Masks, Minneapolis Showcase America’s Mixed Notions of Freedom

Liberty for whom? Protests in recent months over stay-home orders and police brutality in the African American community are stark examples of the American struggle to define freedom and protected rights.

Widespread protests have emerged in Minneapolis and Louisville in response to the deaths of George Floyd and Breonna Taylor, two African Americans who died at the hands of local police.

“You have to think about what freedom really means to people. It shouldn’t just mean wearing a mask or being told to wear a mask.” — Graham Mooney, Johns Hopkins

These demonstrations come after a string of highly publicized incidences of racism and police brutality, all during a once-in-a-generation pandemic.

But other protests around state shutdowns and mask-wearing have marked this health crisis as well. This moment has brought to light longstanding tensions in America over which citizen’s liberties are prioritized and protected.

Listen: Freedom in America comes under debate during tense time.


Dahlia Lithwick, a Slate reporter who covers the courts and and hosts the podcast “Amicus.”

In her piece “Refusing to Wear a Mask Is a Uniquely American Pathology,” she explains how Americans’ ideals about personal liberties have made a tremendous impact on our response to the COVID-19 pandemic. 

“We fetishize our constitutional rights, sometimes at our peril.” — Dahlia Lithwick, Slate

“It’s very, very symbolic of a very uniquely American mistrust of the government,” Lithwick says.

She describes how we give up minor personal liberties on a daily basis to contribute to a greater good. But when those rights are explicitly questioned or compromised, Americans tend to push back with great force. This occurs in a variety of contexts, whether it be from the order for the American public to wear a mask in public, or even the President to use social media to share statements based in myth and conjecture, without being questioned.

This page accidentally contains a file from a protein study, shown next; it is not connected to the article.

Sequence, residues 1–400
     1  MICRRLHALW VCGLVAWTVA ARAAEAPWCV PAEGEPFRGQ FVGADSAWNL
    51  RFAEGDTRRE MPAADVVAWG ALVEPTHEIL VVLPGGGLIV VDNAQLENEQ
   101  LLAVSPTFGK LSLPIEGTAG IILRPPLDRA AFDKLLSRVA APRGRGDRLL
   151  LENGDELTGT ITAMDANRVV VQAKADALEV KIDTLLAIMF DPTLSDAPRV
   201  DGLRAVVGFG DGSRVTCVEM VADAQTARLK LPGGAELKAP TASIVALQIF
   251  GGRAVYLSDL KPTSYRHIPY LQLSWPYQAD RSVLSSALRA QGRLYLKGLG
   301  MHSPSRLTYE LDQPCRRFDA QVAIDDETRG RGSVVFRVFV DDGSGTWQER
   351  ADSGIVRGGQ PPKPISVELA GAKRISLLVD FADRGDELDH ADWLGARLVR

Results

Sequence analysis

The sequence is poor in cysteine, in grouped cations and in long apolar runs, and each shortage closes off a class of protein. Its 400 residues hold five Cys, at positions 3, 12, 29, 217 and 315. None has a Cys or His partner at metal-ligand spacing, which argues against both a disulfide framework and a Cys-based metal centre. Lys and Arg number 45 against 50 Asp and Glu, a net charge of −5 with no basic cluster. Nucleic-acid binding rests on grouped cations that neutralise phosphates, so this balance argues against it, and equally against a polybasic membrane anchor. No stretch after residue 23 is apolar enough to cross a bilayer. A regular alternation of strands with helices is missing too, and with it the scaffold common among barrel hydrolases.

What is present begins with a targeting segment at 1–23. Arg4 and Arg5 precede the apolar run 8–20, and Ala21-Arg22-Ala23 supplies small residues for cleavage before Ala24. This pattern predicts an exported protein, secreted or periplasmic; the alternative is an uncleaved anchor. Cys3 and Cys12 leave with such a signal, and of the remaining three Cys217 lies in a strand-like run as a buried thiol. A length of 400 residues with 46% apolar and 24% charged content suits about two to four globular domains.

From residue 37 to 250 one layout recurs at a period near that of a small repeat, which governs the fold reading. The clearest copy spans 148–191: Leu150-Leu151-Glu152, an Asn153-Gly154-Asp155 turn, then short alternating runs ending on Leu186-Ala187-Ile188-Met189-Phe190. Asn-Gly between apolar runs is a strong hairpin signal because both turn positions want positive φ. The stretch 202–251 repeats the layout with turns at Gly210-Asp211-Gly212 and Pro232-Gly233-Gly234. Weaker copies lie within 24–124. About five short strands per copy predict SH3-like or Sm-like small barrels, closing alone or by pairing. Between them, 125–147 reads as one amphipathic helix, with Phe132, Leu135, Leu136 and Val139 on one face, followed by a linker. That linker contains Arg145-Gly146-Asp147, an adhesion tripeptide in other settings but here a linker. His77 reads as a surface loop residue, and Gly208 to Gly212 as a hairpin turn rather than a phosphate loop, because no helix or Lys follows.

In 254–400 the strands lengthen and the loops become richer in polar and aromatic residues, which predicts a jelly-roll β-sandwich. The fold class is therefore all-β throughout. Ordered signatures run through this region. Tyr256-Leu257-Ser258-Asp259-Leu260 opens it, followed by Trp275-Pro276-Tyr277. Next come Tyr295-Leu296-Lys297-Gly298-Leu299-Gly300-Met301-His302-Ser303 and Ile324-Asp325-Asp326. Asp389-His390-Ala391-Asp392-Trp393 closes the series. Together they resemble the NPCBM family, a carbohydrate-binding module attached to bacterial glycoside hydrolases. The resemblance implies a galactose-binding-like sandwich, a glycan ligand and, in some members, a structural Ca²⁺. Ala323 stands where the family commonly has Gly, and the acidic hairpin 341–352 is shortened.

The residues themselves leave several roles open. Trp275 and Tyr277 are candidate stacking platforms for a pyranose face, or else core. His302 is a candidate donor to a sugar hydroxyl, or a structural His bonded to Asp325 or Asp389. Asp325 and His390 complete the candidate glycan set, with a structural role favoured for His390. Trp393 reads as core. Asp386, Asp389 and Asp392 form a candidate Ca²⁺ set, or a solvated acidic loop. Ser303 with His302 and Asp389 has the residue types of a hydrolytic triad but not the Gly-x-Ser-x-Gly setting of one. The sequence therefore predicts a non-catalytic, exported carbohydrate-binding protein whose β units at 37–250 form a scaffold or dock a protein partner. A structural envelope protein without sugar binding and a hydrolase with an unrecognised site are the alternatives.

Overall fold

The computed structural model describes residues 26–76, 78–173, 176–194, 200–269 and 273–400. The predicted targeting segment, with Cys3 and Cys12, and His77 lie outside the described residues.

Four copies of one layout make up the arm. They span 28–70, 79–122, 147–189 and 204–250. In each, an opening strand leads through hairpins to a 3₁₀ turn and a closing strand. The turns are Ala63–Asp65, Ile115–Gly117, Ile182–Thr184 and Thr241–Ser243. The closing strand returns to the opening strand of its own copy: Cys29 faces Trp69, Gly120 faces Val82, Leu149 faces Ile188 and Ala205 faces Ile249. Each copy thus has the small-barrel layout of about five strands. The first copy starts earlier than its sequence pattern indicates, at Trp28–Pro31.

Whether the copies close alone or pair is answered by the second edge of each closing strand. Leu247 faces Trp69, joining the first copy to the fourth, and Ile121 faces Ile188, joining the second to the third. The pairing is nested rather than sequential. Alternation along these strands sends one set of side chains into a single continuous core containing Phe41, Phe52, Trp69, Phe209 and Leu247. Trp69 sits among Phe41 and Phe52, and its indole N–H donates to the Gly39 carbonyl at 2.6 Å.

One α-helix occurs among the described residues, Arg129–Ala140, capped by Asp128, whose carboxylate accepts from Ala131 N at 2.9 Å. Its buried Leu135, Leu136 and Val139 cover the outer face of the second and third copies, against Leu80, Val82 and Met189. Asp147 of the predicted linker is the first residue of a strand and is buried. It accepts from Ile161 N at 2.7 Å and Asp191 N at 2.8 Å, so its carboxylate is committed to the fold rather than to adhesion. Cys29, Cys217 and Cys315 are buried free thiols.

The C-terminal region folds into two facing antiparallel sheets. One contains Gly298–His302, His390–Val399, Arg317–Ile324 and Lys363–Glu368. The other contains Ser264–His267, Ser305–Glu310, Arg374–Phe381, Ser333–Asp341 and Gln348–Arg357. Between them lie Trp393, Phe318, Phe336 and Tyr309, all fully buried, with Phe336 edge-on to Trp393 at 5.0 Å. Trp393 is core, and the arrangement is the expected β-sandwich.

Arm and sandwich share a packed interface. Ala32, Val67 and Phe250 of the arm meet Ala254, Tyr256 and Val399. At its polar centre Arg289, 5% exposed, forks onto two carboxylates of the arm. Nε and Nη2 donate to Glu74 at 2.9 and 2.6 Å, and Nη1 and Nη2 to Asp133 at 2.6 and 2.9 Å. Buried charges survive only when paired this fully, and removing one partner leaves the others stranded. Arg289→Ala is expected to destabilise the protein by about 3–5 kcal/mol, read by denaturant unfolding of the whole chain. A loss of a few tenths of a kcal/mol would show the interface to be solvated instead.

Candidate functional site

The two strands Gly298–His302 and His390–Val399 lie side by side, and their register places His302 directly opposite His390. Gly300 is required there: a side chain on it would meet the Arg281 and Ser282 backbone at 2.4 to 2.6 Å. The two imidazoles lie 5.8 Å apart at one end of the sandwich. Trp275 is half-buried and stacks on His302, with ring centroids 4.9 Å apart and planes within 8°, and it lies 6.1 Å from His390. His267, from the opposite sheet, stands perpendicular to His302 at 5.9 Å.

“We fetishize our constitutional rights, sometimes at our peril. And President Trump is claiming he has a constitutional right to tweet anything he wants at any time,” says Lithwick.

Graham Mooney, Associate Professor at Institute of the History of Medicine at Johns Hopkins University, is the author of a recent piece in The Atlantic titled “How to Talk about Freedom During a Pandemic.” He describes how this concept of ‘freedom’ is further complicated by both historical and current events, and subject to shift over time.

“You have to think about what freedom really means to people. It shouldn’t just mean wearing a mask or being told to wear a mask. It’s also about feeling and being free of disease. And we can only achieve that through collective action,” says Mooney. 

Trusted, accurate, up-to-date

WDET is here to keep you informed on essential information, news and resources related to COVID-19.

This is a stressful, insecure time for many. So it’s more important than ever for you, our listeners and readers, who are able to donate to keep supporting WDET’s mission. Please make a gift today.

Donate today »


  • Detroit Today
    Dynamic and diverse voices. News, politics, community and the issues that define our region. Hosted by Pulitzer Prize-winning journalist Stephen Henderson, Detroit Today brings you fresh and perceptive views weekdays at 9 am and 7 pm.